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The Fifty Shades challenge

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As many have noticed, the Fifty Shades fever is back in full swing. Fans of the book rejoiced as the global trailer of the movie premiered in the early hours of July 25 on “The Today Show.” Men and women watching received only a partial tease from the trailer, as some of “the bondage scenes were too raunchy for daytime television.”

When Fifty Shades of Grey debuted in bookstores, readers were mesmerized, captivated, and salivating for more. Audiences raved that they couldn’t put down the book, which has been described as female erotica and pornography without pictures. Now the book comes to life, pictures and all, depicting the relationship of an experienced sadist preying on an innocent, impressionable girl. Not to mention the movie set to be released right before Valentine’s Day of 2015. The “I don’t do romance” mentality of the book’s protagonist seems to have already charmed the hearts of the masses.

The book dives into the world of one man’s BDSM (bondage/discipline, dominance/submission, sadism/masochism) fetish. A world where the words “no” and “stop,” which should be absolute, merit no authority and where sexual practices resemble violence and abuse.

50 shades Andrew Matthews aPThe troubling aspect from the Fifty Shades phenomenon is the impact it has had on women, men, and young people. Because the book is essentially female erotica, its purpose is to entertain and arouse sexual feelings. This becomes problematic to the human brain reading the pornographic material. Any form of pornography can dramatically change the wiring of your brain. For example, “when you eat something delicious, your brain releases dopamine, a chemical that makes you feel good. Just like other addictive substances, porn floods the brain with dopamine.” Consequently, once these feelings are triggered, the addictive element of porn causes consumers to want not only more of those “good feelings,” but also more intense forms of pornography to increase the release of dopamine.

In a 2012 survey of 1,500 guys, 56% said their tastes in porn had become increasingly extreme or deviant. One study found that people exposed to significant amounts of porn thought things like sex with animals and violent sex were twice as common as what those not exposed to porn thought. And when people believe a behavior is normal, they’re more likely to try it.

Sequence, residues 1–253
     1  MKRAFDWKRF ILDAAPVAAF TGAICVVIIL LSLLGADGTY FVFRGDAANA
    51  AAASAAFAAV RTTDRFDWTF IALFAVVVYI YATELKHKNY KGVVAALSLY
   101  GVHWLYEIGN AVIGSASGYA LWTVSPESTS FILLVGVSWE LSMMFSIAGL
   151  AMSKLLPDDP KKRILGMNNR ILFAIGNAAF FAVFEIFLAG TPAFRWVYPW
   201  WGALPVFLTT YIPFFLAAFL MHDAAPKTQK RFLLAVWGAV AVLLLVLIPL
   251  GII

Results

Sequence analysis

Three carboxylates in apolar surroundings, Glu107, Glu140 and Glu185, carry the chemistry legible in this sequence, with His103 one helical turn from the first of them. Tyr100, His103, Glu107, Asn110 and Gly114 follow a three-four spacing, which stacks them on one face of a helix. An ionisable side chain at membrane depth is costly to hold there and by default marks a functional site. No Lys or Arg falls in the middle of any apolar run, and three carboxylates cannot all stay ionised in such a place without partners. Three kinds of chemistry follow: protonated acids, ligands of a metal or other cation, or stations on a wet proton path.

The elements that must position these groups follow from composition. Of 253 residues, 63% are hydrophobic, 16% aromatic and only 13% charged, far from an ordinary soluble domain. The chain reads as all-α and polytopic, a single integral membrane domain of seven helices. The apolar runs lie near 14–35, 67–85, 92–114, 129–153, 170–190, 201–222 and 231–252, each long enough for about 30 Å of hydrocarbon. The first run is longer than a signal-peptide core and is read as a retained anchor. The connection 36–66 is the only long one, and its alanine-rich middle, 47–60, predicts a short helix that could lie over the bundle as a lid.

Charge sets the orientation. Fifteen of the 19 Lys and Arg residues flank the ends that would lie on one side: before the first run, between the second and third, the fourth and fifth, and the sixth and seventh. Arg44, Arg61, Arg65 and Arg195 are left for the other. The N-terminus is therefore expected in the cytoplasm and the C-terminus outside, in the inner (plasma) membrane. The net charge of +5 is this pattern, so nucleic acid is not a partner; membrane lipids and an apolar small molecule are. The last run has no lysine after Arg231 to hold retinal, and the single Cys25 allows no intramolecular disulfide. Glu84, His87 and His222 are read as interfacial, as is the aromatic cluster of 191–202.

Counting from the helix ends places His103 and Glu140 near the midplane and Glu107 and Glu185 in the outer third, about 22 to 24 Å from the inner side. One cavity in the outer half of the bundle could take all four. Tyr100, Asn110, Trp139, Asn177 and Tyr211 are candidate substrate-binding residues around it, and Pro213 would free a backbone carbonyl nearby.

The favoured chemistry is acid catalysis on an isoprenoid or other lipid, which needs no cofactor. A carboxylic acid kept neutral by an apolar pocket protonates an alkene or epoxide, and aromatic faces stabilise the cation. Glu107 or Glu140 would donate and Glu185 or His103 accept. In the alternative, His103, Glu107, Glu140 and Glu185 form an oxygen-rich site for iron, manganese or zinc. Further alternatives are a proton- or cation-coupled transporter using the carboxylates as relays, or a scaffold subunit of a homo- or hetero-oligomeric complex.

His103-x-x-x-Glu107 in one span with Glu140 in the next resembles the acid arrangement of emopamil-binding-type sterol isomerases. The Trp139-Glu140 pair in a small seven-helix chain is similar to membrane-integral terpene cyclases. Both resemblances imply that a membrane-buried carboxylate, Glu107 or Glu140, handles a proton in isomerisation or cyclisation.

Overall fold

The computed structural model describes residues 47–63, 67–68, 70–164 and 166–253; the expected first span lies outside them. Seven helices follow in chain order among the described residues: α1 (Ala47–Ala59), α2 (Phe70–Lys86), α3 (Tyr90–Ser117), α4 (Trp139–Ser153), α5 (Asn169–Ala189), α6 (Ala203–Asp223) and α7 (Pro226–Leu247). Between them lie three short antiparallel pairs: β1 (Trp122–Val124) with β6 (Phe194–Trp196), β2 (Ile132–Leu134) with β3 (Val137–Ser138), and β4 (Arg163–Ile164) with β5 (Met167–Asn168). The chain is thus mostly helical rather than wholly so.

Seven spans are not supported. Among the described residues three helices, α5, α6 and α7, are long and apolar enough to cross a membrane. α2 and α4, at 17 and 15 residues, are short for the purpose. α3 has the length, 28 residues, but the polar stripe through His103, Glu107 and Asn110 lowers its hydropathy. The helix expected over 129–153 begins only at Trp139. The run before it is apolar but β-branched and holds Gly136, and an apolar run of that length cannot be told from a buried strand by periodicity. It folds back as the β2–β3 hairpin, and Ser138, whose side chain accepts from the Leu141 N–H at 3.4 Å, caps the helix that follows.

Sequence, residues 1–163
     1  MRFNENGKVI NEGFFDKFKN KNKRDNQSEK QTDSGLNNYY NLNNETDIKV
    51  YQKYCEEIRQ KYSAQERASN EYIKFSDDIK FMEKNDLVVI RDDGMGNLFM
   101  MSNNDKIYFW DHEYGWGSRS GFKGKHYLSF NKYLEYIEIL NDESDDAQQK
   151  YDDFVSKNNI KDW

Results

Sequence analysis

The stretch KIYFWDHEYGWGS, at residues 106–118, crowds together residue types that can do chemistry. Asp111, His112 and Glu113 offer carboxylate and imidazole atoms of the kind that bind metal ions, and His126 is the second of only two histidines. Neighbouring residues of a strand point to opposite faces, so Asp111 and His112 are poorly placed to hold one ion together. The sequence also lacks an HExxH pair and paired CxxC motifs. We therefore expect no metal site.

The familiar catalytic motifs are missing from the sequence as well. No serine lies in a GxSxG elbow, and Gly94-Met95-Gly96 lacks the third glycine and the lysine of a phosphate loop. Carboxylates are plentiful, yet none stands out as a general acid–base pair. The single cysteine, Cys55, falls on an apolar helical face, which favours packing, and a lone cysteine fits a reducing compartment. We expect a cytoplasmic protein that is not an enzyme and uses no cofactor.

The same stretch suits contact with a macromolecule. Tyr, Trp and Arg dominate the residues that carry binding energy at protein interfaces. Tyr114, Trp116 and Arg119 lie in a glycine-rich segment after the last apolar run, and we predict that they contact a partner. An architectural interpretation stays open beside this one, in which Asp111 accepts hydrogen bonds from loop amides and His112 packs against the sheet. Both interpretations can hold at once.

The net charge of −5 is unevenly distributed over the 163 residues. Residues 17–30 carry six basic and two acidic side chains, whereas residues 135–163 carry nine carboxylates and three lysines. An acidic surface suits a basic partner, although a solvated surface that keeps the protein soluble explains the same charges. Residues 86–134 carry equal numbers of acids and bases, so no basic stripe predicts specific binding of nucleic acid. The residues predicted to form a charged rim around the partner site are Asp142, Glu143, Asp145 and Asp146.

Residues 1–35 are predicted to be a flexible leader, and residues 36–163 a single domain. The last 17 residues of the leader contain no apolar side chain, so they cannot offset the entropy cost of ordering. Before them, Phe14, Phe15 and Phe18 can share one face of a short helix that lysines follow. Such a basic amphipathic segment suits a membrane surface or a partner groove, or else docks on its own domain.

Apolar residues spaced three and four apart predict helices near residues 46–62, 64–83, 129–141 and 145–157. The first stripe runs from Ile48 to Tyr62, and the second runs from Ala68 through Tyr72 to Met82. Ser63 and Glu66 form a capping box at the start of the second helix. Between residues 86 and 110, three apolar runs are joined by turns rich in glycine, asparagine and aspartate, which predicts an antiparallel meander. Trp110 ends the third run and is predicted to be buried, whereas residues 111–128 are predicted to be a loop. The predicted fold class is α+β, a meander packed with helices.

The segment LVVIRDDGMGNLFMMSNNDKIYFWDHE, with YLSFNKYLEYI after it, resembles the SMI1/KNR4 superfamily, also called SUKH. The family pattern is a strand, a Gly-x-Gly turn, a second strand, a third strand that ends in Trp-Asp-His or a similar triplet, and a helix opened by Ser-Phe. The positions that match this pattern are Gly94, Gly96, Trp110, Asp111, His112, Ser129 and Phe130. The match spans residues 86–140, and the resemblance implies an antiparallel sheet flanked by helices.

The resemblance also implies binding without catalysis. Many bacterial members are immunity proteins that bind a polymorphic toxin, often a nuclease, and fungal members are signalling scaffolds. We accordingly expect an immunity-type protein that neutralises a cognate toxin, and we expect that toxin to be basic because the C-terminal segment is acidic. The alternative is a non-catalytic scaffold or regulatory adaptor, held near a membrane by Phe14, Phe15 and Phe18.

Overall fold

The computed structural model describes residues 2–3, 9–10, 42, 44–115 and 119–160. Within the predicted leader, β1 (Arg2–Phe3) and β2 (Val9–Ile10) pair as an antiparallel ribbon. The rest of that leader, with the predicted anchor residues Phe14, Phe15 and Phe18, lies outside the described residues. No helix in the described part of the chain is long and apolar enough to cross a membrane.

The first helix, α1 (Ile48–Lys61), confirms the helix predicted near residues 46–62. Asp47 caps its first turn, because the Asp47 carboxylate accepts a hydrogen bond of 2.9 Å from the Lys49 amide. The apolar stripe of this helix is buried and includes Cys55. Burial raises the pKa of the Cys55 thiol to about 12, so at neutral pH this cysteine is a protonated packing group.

BDSM is just one of those extreme and deviant forms of sexual practices. Fifty Shades of Grey has helped fueled audiences’ belief that such dehumanizing sex is normal – so much so that even Planned Parenthood recommends the book to young, impressionable teens in order for those teens to educate themselves on more extreme forms of sex. Live Action recently exposed Planned Parenthood’s dangerous sex education advice being solicited to young girls:

Planned Parenthood: “… ‘Fifty Shades of Grey.’ Have you read it?”

15-Year-Old: “I’ve heard of it. I haven’t read it.”

Planned Parenthood: “Ok, you need to read it…”

The dangerous, violent, and inappropriate material in Fifty Shades can only leave young girls and boys in fifty shades of black and blue from being tied up, whipped, and gagged. The relationship in the book is not one to be enthralled with or emulated. It degrades, dehumanizes, and deceives society, particularly the vulnerable younger generation.

In conclusion, I would like to echo the same challenge that Matt Walsh issued in his recent blog post:

Your task, ladies, is simple. All you must do is not buy tickets to 50 shades of Grey when it’s released in theaters on Valentine’s Day. Not one ticket. Weekend box office total: $0. The biggest flop of all time.

Take this challenge seriously, as small as it may or may not seem. Let your actions speak loudly.

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